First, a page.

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The concept of mental age was widely popular in the first half of the 20th century, but today, many researchers believe that the age test does not take into account the fact that intellectual development is not a smooth continuity. It depends on many external factors, such as the social environment and personal surrounding. In addition, people demonstrate different patterns of intelligence development. At some point or timeframe, the intelligence development can be faster, but within some other time, it may be slowed down.

A Swiss psychologist Jean Piaget believes that a child explores the world and makes generalizations in accordance to the experience that he/she received before (Kaplan & Saccuzzo 2012). According to his theory, intelligence development derives from a cognitive process which includes the processes of accommodation and assimilation. Assimilation means that a child knows how to solve a problem because he/she has already solved similar tasks in the past. Accommodation is opposite to assimilation and means that a child has never faced such a problem before and has to find a solution on his/her own. Hence, the intelligence development represents an equilibrium between the two, which stimulates a child’s mental development.

A Russian psychologist L.S. Vygotsky had a different view on intelligence development. He believed that a child’s development is much influenced by interaction with others (Love & Guthrie 2011). A child monitors behaviours of other people, as well as the way they think and act. An Israeli psychologist Reuven Feuerstein supports this concept, stating that the key of intellectual development is mediated learning experience (Love & Guthrie 2011). A kid interprets the behaviour that is normmal in his/her environment. Through such mediation, the child observes the world and makes decisions in accordance to the experience received from his/her environment.

Analysing the theories presented in terms of moral development, one can point out that there might be some critical response to them. As such, Piaget’s theory of moral development can be viewed as a relevance of his ideas to cognitive growth in general. Per se, his theory has both weaknesses and strengths of his general theory. Pigeat utilises qualitative methods for his research basing on a small number of samples. His methods are not standardised and for that reason are not replicable. Besides, Pigeat´s statement that children under the age of 9 do not realize the consequences of an action is rather doubtful. Kohlsberg´s theory is close to Pigeat´s one; however, it is better organised and provides more serious arguments for the statements made. Consequently, Freudian theory of moral development appears to be the most appropriate and reliable one. The psychoanalyst made his framework as simple as possible; that is why it is very easy to understand and apply to oneself in order to make sure that it tells truth.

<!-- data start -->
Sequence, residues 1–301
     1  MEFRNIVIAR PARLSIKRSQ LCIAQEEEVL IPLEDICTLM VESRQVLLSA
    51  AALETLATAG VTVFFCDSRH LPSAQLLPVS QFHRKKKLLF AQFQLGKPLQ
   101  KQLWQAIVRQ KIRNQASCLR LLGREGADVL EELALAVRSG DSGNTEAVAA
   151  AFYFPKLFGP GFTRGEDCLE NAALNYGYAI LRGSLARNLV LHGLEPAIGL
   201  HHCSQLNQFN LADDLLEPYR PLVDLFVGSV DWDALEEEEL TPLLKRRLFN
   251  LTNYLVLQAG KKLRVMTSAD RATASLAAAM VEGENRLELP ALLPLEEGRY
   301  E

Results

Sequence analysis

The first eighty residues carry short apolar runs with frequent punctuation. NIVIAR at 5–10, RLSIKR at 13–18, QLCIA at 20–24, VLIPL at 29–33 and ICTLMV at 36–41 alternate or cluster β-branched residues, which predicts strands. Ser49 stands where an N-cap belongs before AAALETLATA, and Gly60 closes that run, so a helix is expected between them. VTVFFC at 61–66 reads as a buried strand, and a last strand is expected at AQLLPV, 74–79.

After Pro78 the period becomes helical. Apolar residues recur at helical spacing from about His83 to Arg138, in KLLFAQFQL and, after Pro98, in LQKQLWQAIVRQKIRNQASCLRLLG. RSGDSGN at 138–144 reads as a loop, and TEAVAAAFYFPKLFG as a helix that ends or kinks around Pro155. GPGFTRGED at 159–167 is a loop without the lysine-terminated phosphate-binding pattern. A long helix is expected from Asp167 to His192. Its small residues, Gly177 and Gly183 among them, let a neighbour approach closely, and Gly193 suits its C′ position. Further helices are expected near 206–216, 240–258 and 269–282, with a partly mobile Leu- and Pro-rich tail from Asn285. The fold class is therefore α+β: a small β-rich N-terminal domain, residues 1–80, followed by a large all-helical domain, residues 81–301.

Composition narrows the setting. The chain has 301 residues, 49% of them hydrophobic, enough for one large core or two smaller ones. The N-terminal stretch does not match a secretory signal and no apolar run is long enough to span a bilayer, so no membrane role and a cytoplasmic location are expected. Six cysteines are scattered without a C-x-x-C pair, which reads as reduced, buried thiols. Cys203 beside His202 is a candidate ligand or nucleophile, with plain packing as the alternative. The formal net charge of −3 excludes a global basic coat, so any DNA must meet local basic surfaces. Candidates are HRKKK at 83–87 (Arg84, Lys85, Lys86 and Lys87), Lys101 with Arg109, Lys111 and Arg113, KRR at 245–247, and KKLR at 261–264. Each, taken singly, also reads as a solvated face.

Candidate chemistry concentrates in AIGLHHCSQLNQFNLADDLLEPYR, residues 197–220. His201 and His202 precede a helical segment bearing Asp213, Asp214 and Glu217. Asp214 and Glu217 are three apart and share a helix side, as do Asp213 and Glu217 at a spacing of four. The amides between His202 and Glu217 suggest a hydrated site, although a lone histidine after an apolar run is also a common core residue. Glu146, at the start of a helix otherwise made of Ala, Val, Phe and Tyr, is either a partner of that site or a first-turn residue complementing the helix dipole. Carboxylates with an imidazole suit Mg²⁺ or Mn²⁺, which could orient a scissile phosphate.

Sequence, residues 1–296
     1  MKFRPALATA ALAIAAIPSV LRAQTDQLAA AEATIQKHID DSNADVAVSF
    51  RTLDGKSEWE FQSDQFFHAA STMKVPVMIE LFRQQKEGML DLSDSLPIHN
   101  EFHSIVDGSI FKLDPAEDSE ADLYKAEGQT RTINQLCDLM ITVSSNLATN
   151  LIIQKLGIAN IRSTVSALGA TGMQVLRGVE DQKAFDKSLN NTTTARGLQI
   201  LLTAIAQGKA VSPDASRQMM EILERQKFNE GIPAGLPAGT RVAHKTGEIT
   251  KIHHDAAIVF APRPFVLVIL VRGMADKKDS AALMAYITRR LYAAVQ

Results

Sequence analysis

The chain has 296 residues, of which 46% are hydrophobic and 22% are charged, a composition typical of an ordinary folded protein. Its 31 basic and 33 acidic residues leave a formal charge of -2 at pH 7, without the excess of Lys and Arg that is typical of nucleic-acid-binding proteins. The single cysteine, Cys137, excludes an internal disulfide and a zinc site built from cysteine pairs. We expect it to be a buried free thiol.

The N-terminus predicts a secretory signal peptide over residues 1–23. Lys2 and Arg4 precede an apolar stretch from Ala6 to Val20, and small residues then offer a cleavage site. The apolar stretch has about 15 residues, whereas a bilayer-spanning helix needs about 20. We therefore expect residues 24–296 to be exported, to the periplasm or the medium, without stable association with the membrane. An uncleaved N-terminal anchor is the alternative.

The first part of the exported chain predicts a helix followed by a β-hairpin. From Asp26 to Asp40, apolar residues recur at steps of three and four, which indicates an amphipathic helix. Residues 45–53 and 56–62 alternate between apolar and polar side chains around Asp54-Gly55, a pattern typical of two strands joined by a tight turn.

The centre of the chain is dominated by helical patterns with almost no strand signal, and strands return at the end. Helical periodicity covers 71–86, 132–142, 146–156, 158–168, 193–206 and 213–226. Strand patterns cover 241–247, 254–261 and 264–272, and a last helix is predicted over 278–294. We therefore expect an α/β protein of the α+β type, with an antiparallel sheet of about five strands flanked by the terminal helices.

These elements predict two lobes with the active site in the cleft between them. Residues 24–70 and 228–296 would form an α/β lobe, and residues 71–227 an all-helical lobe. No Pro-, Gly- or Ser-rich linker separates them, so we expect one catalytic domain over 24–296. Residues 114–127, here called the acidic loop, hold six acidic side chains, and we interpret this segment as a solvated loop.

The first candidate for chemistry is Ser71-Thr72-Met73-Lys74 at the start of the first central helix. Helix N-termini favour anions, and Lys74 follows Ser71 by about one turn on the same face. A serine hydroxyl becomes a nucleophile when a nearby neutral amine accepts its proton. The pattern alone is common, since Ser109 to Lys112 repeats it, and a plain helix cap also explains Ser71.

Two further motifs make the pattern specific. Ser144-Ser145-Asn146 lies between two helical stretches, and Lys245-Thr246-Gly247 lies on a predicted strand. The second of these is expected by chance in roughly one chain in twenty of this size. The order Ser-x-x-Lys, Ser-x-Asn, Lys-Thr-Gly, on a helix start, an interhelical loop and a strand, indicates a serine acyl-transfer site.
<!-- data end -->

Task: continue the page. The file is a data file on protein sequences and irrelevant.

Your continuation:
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The analysis of the theories presented by Pigeat and Vygotsky on the issue of intelligence development are rather strong. At the same time, they both are very narrow-focused; Pigeat takes into account only the personal aspect of intelligence development, while Vygotsky highlights only the social aspect. Therefore, the ideal theory of intelligence development should partly contain the notions of both. Thus, it is logical to assume that 50 percent of human intelligence development depends on an individual´s personal experience, while other 50 percent depend on the environment in which an individual grows up and lives.

To conclude, various researchers and psychoanalysts differently explain their vision of human development in terms of morality and intelligence. The essay shows that being rather strong, on the one hand, almost all theories tend to have its weaknesses, on the other hand. Sigmund Freud´s theory on the development of morals turns to be the strongest, simplest and the most original one. No other frameworks interrelate with his theory of the id, the ego, and the superego. In contrast to Freud, Pigeat´s and Kohlsberg´s theory resemble each other in many ways; the only difference is in the first stage. Regarding the theories presented by Pigeat and Vygotsky concerning the development of intelligence, one can see that both theories have well argumentation, but are narrow-focused. It means that both of them need to be revised and advanced in order to enhance their weaker aspects. The combination of these two theories would be a perfect presumption of intelligence development. It could be proved by numerous respected psychoanalysts and researchers as most of them agree either on one of these theories or on both of them. Besides, every individual can apply the abovementioned theories to his or her life and see that they both work. Consequently, one can state that both personal experience and the environment in which an individual lives play a very important role in his or her intelligence development.